These friends unintentionally cured my homesickness and shaped my perspectives on life. Friends like Maria, Leonardo, Destiny, and Victoria are the ones you never forget in a hurry. I would also like to recognize some others who helped me along the way: the core team of the Black Student Achievers, the Black History Month Committee, the entire staff of the Student Services department, especially the amazing women at the First Stop, compassionate and supportive professors like Frederick Vogt, Ginger Bohlen, Jason Kane, and many more. Thank you all for your impact on my academic and professional life. Two years at Elgin Community College taught me to always ask for help, which I found difficult to do. And also to embrace failure as only a delayed success. Another important thing I learned at ECC was the sense of community.

All of us graduates tried to get the best out of our college days by getting involved on campus, studying through the night to get that paper done, having financial struggles, experiencing burnout, and even experiencing impostor syndrome. Imposter syndrome: we experience this phenomenon when we doubt our achievements and our ability to exert change despite our experience and education. I remember when I was elected as secretary of the Black Student Achievers, I felt unequal to the task at hand. However, I was able to learn from my shortcomings, and that position has helped me experience personal growth.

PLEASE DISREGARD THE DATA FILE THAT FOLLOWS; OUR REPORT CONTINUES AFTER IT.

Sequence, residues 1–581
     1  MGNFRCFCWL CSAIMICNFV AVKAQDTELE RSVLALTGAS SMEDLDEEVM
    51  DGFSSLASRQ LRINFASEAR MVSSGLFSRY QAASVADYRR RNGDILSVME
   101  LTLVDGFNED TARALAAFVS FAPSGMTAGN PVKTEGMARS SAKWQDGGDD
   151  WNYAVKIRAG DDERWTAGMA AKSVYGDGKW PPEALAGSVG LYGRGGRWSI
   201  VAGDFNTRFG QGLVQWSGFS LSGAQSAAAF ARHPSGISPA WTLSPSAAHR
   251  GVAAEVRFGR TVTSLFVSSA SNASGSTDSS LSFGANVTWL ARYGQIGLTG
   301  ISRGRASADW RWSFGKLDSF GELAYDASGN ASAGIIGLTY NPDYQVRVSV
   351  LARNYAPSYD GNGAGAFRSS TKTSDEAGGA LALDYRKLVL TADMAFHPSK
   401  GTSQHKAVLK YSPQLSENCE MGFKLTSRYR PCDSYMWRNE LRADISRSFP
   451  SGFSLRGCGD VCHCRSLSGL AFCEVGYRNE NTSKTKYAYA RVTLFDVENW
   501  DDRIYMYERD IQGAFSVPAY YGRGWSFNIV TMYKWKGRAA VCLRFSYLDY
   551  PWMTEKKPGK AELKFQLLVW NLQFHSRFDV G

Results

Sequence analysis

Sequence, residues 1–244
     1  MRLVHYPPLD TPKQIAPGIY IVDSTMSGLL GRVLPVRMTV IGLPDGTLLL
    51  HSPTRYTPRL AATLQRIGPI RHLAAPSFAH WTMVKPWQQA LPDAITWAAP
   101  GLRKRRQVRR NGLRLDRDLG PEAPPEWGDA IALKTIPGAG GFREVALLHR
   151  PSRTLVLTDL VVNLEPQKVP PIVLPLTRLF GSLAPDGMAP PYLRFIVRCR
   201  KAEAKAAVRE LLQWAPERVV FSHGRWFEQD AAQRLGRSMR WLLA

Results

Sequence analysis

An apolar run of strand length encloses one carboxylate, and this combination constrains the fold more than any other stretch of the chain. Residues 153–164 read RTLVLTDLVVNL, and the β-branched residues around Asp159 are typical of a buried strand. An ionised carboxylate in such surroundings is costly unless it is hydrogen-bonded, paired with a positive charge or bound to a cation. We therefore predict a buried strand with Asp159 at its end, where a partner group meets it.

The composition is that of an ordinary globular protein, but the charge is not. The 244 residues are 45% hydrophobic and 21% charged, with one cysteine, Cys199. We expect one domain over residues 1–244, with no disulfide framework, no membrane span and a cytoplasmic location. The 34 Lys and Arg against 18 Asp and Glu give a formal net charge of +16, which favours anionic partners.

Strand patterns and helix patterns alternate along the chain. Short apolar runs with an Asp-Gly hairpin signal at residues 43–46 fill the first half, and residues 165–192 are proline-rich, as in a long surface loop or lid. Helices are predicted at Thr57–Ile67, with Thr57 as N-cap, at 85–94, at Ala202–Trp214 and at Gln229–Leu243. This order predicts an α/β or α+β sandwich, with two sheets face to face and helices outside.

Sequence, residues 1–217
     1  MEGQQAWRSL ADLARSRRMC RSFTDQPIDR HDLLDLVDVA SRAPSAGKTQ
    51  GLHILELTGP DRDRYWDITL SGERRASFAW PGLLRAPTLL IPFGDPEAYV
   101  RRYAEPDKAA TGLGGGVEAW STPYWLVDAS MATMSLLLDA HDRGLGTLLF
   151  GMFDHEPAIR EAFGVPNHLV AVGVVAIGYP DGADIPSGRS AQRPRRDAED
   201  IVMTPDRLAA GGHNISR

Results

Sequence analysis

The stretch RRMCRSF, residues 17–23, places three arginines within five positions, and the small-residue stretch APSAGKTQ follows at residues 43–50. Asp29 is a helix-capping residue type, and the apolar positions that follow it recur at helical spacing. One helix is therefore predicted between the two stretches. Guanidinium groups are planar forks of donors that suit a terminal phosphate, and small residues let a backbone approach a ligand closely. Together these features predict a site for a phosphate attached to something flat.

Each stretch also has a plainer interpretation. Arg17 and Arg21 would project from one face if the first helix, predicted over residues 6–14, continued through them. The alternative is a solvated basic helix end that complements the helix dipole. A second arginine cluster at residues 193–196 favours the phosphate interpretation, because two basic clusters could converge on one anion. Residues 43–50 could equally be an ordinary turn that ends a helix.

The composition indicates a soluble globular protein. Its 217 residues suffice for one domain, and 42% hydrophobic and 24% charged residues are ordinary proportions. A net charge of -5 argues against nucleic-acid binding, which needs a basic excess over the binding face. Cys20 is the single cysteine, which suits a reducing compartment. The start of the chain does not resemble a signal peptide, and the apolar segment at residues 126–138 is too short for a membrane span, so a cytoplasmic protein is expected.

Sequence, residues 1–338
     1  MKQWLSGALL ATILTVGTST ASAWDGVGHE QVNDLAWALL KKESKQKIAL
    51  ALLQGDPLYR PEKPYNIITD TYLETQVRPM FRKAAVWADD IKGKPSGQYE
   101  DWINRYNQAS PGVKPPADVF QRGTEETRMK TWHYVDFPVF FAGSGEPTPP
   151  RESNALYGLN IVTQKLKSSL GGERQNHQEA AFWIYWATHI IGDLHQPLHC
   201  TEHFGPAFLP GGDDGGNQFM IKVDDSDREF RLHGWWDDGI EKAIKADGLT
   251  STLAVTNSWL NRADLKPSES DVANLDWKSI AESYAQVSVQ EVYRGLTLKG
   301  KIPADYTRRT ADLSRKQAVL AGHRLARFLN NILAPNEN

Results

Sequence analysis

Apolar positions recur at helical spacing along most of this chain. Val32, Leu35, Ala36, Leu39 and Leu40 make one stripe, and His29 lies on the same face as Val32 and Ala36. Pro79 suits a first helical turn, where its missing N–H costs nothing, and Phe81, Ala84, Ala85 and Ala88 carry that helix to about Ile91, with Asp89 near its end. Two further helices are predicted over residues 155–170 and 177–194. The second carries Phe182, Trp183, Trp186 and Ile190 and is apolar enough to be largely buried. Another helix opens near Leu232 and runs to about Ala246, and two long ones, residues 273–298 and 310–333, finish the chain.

I put it to you today that if you continue to put yourself out there, you will make progress. No matter how small, you won’t be where you started yesterday. Appreciate your baby steps. In a society that sees baby steps as no steps at all, I encourage you to straighten your back, adjust your crown, and continue to lead. I charge you to venture into the unknown with courage and curiosity as I did two years ago.

Today, my fellow graduates, we have surmounted great obstacles and will receive our diplomas for a job well done, but keep in mind the journey has only begun. Most of us plan to transfer, and I encourage you to carry on that burning zeal that ECC has lit in you. Today, America is in great need of change, and as educated people, we are called to make that change, to make a difference. In the words of Nelson Mandela, “Education is the most powerful weapon which you can use to change the world.” 

So, I encourage you to let the world know who you are by putting your education to use. Do not let the world put you into a box. Do not let yourself fit into bad stereotypes. Continue to break glass ceilings everywhere you go. And in the course of making a difference, if one door closes, be assured that a window will open. Be assertive and take up the space you’ve earned. 

I will miss the times I spent here at Elgin Community College. Class of 2023, today is goodbye, but the world awaits us. I will be moving on to Elmhurst University to study Nursing with a minor in Psychology. For the rest of you, again, Congratulations, thank you, and good luck!

Chioma Echefu, Ibadan, Nigeria

Associate in Science